Children of Heaven Review. Children of Heaven is a beautiful film that deals with a boy (9) and his sister (7) and their adventures over a lost pair of shoes. The film scores in the simplicity of the plot, executed with supreme performances, art direction and cinematography. The characterisation is wonderful; one can actually empathise with the siblings and their desperation to keep the secret. The chemistry between them can bring tears to your eyes. Majid Majidi has used basic elements of film-making sans glamour or loud background music or other tools of emotional manipulation, to narrate the story. This movie will be loved by one and all.
I lived in Iran when I was younger that the children depicted here. It was also a long time ago (Truman was president). Nevertheless, this was very nostalgic for me. The plot is more than enough to carry this movie and entertain most adults and many pre-adolescents, but I wouldn’t think anyone over 10 or under 30 would be riveted. Young Ali is like many a Hitchcock hero in that the unwanted circumstances he finds himself in are not his fault, but he doesn’t really know that.
“Children” reveals things most Americans think they already know about Iran: Strong patriarchal society, strange mix of high tech and ancient coexisting comfortably, certainly not diverse the way we perceive it. There are some unintended revelations that are refreshing. Strong scholastic discipline among the middle classes, sibling bonding altruism that outstrips natural sibling rivalry, family values that are the equal of any anywhere, but, most beautiful to me, the greenery of the country. This last is not showcased, but all the more surprising because it’s taken for granted. This is a beautiful land. This film should be mandatory viewing for all Department of State and Department of Defense employees and their bosses and their bosses’ bosses.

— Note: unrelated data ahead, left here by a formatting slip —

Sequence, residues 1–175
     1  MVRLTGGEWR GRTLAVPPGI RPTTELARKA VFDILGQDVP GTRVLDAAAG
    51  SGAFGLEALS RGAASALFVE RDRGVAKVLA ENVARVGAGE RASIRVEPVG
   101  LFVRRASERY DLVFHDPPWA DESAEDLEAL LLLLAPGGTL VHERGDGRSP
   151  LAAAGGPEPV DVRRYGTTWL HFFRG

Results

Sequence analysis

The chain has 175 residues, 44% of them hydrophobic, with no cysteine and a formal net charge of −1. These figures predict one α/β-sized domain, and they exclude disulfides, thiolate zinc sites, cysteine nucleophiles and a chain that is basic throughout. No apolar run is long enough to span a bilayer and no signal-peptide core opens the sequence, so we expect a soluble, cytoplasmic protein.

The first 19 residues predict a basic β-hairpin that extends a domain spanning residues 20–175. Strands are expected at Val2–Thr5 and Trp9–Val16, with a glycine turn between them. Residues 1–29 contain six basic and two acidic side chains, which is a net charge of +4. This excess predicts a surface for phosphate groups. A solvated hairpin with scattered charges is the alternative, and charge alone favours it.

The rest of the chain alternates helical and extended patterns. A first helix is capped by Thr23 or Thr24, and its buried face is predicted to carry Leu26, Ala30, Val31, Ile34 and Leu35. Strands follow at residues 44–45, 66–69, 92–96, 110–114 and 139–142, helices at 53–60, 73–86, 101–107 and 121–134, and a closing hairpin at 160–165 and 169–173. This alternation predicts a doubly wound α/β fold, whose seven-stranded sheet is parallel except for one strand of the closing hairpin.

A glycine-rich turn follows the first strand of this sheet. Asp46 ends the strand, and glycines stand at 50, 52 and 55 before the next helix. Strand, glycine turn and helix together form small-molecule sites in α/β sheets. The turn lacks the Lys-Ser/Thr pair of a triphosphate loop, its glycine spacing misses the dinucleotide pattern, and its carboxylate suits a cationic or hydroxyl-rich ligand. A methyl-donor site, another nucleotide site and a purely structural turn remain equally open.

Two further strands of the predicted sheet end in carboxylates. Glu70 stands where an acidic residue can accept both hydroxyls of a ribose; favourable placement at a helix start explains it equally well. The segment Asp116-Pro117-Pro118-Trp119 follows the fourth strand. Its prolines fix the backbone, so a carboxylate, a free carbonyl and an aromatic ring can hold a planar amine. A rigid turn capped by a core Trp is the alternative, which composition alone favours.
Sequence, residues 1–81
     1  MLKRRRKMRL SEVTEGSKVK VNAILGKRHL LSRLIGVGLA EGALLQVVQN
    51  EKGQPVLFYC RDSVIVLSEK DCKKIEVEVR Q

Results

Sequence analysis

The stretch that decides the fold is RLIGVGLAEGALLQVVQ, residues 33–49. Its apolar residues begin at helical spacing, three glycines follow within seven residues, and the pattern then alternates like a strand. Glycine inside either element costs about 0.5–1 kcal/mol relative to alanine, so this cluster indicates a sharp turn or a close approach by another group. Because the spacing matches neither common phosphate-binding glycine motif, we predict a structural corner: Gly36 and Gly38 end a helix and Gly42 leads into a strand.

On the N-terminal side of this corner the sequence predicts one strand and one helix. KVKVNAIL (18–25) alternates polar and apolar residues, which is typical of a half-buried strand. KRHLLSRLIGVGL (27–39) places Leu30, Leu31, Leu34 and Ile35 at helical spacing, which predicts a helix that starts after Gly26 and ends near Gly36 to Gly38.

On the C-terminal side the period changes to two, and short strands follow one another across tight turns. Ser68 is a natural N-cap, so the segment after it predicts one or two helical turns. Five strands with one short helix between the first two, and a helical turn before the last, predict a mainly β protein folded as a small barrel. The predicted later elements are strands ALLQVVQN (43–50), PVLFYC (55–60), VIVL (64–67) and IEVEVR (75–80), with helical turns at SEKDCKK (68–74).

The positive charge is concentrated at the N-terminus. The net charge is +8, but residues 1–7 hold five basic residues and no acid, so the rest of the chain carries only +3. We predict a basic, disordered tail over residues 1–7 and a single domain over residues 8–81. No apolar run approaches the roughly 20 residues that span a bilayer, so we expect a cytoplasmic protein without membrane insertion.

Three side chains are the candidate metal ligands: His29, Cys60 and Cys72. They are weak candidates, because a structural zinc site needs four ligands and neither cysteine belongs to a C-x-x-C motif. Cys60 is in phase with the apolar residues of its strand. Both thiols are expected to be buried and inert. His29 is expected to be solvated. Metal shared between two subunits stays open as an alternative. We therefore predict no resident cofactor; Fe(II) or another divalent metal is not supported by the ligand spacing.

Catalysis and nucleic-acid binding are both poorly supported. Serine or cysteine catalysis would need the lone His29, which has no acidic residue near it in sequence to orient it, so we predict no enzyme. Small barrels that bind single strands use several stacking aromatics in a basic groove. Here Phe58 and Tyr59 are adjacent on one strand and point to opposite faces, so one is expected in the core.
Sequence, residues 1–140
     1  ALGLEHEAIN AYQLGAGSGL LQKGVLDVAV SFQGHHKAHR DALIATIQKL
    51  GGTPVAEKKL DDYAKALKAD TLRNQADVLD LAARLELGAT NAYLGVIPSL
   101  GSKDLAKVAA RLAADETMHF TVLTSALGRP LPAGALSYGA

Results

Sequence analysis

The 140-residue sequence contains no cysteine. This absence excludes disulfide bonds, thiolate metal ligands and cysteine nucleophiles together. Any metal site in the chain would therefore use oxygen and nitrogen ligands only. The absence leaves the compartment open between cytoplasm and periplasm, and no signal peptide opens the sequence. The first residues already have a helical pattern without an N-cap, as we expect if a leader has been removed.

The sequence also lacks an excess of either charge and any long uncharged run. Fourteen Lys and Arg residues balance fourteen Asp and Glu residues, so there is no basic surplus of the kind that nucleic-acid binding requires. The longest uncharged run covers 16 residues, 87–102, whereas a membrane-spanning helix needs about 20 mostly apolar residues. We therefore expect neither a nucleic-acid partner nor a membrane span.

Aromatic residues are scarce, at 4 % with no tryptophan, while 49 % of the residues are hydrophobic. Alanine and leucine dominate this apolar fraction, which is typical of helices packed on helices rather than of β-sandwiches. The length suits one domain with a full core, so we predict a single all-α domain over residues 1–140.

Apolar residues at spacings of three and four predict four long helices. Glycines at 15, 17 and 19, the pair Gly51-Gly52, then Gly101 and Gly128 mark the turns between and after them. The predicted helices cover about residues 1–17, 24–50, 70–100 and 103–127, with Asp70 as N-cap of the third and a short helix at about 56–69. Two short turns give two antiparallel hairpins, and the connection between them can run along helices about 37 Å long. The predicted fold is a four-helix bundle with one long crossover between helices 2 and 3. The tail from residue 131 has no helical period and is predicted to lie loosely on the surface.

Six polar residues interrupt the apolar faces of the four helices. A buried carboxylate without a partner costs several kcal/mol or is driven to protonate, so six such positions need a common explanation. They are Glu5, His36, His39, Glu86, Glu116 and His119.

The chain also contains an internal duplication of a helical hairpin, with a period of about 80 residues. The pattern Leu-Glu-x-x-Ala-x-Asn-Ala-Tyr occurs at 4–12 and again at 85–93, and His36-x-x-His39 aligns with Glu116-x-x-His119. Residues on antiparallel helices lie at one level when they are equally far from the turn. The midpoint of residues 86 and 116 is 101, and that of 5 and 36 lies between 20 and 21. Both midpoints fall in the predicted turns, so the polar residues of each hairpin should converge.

Neo-realism was the school of cinema developed by the Italians just after World War II. From 1945 to approximately 1954, directors like De Sica, Rossellini and Zampa delivered masterpieces like Open City, Paisan, To Live in Peace, Shoe Shine, The Bicycle Thief, Umberto D and Miracle in Milan. But the Italian (not the World) audiences got tired of seeing poverty and everyday problems and demanded something more sophisticated. Federico Fellini added imagination to the down-to-earth themes of Neo-realism and gave the world a new concept of cinema. Neo-realism, it was said, was proper to poor, not to wealthy cinematic industries.
It this was son, Iranian Director Majid Majidi accepted the challenge, and has made Children of Heaven, the most moving and perfect piece of neo-realism that has been filmed outside of Italy. The story is much like that of The Bicycle Thieves: it’s a pair of shoes that are stolen. But Majidi has provided us with the most wonderful performances from children that the screen has ever seen. A great story, magnificent color and camera work,perfect actors both children and adult, and a firm direction that never misses an opportunity to engage and captivate the audience. I have never seen a better motion picture from that part of the world.